Arts

4:51pm

Mon October 29, 2012
Books

Weather The Storm With 6 Stories From NPR Books

Originally published on Tue November 6, 2012 3:41 pm

iStockphoto.com

As the East Coast hunkers down for the onslaught of Hurricane Sandy, NPR Books dug back into the archives to find stories about keeping safe — and sane — when disaster strikes. Here you'll find memoirs of past storms, novels about future storms and interviews with authors who've written about severe weather and climate change.

Read more

3:38pm

Mon October 29, 2012
The Salt

Sandwich Monday: The PB&P

A look within.
NPR

The Peanut Butter & Pickle Sandwich dates back to the Great Depression. It's great if you're transported back in time to 1930 and you forget to bring Powerbars, or, say, if you're stuck in your house with limited pantry options as a big hurricane heads your way.

Read more

11:21am

Mon October 29, 2012
New In Paperback

New In Paperback Oct. 29-Nov. 4

Originally published on Mon October 29, 2012 2:17 pm

Fiction and nonfiction releases from Matthew Quick, Anthony Horowitz, Darrell Hammond, Craig Marks, Rob Tannenbaum and Regis Philbin.

Copyright 2012 National Public Radio. To see more, visit http://www.npr.org/.

8:44am

Mon October 29, 2012
Three Books...

Trust Me: Three Books With (In)credible Narrators

Many of my all-time favorite novels have a common (if slightly unsettling) thread: They feature an unreliable narrator at the helm. The term was popularized in the 1960s by the literary critic Wayne C. Booth, but the unreliable narrator herself has been around at least as long as the Wife of Bath in The Canterbury Tales. An unreliable narrator is one who tells a tale with compromised credibility, whether the narrator herself understands that or not. The reader usually finds this out only slowly, as cracks in the narrator's version of events begin to appear.

Read more

5:14am

Mon October 29, 2012
Author Interviews

Should 'The Generals' Get Fired More Often?

The Penguin Press

One issue that has received little attention in this year's presidential race is the war in Afghanistan. But according to Thomas E. Ricks, we should be paying attention — specifically to those in charge of the military there, because they can make the difference between long, expensive wars and decisive victories. That's the lesson Ricks explores in his latest book, The Generals.

Read more

4:17am

Mon October 29, 2012
Monkey See

Impersonating The President: From Will Rogers To Obama's 'Anger Translator'

Originally published on Mon October 29, 2012 5:14 am

Keegan-Michael Key and Jordan Peele cooperate to impersonate President Obama in Comedy Central's Key and Peele.
Ian White Comedy Central

Political commentators will be working overtime in the countdown to the presidential election. So will political comedians, including the candidates' impersonators.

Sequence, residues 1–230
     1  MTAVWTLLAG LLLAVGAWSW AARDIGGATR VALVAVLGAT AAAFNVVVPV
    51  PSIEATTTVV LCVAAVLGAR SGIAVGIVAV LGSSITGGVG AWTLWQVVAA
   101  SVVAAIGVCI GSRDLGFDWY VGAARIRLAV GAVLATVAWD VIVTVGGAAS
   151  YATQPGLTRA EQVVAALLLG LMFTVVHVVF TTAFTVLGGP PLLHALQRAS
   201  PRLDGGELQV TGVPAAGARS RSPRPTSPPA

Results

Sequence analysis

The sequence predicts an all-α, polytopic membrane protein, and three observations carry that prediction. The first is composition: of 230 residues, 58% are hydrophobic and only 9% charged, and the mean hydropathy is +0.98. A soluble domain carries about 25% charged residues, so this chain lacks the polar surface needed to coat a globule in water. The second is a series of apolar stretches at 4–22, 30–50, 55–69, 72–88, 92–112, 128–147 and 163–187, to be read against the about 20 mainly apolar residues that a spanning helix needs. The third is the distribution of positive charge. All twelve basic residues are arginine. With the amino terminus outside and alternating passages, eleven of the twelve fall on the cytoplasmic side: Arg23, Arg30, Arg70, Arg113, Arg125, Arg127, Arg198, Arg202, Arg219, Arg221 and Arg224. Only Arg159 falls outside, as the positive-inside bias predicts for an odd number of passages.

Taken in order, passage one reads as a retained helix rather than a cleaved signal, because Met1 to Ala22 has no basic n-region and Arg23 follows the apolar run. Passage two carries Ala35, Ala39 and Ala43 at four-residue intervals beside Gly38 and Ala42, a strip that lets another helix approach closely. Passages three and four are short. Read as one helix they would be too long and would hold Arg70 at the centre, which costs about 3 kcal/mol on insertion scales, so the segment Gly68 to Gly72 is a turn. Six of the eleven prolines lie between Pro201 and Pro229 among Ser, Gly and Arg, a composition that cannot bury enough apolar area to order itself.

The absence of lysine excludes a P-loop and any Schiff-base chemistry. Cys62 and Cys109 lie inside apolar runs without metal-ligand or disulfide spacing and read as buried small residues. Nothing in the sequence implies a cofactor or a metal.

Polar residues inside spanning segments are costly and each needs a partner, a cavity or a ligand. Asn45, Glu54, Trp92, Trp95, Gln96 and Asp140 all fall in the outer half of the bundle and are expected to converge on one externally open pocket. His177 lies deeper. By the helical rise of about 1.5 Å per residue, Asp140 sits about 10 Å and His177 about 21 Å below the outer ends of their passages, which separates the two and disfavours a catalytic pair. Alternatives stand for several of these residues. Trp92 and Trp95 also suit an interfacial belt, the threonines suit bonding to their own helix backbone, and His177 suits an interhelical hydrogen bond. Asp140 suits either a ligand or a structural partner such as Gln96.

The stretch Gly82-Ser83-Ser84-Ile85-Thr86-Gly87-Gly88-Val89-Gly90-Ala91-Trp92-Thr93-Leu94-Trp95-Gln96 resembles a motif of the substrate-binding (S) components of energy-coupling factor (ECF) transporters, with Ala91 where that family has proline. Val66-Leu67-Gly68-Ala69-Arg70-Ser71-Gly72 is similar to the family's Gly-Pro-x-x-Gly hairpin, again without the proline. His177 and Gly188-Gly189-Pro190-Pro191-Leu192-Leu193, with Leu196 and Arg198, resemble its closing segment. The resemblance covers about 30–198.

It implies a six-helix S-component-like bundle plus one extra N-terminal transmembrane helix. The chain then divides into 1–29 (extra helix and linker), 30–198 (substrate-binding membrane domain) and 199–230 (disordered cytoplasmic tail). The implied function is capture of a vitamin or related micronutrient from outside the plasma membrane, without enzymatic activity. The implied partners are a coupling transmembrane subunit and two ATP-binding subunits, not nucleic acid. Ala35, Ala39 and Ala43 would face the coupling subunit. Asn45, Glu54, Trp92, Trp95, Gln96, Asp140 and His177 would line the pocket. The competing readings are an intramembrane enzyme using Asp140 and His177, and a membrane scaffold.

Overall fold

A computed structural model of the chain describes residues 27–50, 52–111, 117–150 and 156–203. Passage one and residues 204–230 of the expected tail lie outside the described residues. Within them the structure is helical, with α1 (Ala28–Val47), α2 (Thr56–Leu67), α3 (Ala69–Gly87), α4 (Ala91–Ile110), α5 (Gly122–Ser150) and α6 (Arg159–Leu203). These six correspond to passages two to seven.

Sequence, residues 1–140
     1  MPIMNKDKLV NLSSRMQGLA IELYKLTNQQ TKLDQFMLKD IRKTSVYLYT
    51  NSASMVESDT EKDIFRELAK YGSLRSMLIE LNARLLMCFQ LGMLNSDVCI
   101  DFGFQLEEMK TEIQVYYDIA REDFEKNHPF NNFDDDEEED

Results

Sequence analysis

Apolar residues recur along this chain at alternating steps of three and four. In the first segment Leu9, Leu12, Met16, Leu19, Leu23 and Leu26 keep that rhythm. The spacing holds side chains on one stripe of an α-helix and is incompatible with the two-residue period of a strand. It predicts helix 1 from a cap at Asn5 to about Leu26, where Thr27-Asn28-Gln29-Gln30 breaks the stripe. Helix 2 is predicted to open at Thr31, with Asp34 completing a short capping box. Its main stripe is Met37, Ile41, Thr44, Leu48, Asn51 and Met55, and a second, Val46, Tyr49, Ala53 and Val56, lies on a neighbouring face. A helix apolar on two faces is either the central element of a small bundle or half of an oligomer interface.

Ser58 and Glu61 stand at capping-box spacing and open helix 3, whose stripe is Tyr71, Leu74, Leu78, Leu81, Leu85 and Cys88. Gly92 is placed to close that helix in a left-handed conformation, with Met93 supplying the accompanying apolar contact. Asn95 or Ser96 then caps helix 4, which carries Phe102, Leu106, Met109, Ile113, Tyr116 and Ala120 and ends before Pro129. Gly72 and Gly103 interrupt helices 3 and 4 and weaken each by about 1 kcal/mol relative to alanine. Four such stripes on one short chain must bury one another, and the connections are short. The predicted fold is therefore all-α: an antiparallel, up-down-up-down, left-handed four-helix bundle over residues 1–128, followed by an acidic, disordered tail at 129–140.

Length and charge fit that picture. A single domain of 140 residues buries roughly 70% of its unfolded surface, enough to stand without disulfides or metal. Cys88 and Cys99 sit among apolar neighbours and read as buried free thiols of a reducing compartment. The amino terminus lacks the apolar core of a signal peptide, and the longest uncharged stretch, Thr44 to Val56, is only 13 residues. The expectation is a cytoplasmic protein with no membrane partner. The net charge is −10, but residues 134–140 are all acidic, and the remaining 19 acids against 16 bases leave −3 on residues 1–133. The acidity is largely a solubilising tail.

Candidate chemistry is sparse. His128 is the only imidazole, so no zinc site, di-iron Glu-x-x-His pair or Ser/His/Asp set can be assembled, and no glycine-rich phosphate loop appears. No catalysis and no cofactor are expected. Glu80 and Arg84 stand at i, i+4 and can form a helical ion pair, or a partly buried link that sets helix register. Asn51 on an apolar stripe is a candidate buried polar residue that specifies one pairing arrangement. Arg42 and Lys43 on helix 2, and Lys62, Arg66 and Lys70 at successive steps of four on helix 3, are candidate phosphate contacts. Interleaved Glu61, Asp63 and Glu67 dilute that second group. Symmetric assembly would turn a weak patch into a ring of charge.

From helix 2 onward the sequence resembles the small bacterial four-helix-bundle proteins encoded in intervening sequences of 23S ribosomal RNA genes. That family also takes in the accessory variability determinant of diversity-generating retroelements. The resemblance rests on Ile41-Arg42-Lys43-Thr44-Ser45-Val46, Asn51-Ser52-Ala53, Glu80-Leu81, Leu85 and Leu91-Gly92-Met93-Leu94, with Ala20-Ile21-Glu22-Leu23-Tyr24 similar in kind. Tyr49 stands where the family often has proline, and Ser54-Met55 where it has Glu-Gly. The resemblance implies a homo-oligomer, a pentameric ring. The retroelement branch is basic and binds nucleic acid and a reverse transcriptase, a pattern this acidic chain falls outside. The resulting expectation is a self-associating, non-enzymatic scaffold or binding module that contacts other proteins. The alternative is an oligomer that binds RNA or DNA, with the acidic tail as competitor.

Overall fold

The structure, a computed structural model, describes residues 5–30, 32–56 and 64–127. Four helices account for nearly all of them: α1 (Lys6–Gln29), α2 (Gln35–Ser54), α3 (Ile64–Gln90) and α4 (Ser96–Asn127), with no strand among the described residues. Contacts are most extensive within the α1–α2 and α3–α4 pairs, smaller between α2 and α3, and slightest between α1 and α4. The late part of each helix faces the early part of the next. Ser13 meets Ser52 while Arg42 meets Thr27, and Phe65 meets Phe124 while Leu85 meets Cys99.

Impersonators have been part of the political landscape for so long, it's hard to imagine a time without them: Rich Little, Dana Carvey, Will Ferrell, Dan Aykroyd, Darrell Hammond, Tina Fey and other comedians have all famously done their turns as candidates. Remember "I can see Russia from my house"?

Read more

5:21pm

Sun October 28, 2012
Movies I've Seen A Million Times

The Movie Glen Mazzara Has 'Seen A Million Times'

Originally published on Sun October 28, 2012 6:33 pm

Sigourney Weaver as Ripley in Ridley Scott's Alien.
Hulton Archive Getty Images

The weekends on All Things Considered series Movies I've Seen A Million Times features filmmakers, actors, writers and directors talking about the movies that they never get tired of watching.

Read more

5:03pm

Sun October 28, 2012
Author Interviews

Stories Of The Power of Language, 'Found In Translation'

Originally published on Mon October 29, 2012 10:41 am

iStockphoto.com

Translation is everywhere — that's is the crux of a new book by Nataly Kelly and Jost Zetzsche: Found in Translation: How Language Shapes Our Lives and Transforms our World.

From NASA to the U.N. to Chinese tattoo parlors, the book looks high and low for stories of the undeniable importance of language. One of those stories centers on a man named Peter Less, 91, an inspiration of sorts to interpreters and translators everywhere.

Read more

4:48pm

Sun October 28, 2012
Around the Nation

A Save Haven For The Printed Word Turns 200

Originally published on Wed October 31, 2012 2:37 pm

Antiquarian Hall, the home of the American Antiquarian Society, is located in Worcester, Mass.
The American Antiquarian Society

Back in the 1700s, there was a young printer's apprentice who lived in Boston. His name was Isaiah Thomas and he became one of the first newspaper publishers in the country. He also founded the American Antiquarian Society, which celebrates its 200th birthday this week.

Located in Worcester, Mass., the American Antiquarian Society houses the largest collection of materials printed in the United States. Its library has books, newspapers, letters, even board games dating from 1640 to 1876. Its members include some notable characters, including 14 presidents.

Read more

3:26pm

Sun October 28, 2012
Science

Millennia Of Stargazing At 'African Cosmos' Exhibit

Originally published on Sun October 28, 2012 6:33 pm

Untitled, by South African artist Gavin Jantjes, is one of the works in the "African Cosmos" exhibition.
National Museum of African Art

Pages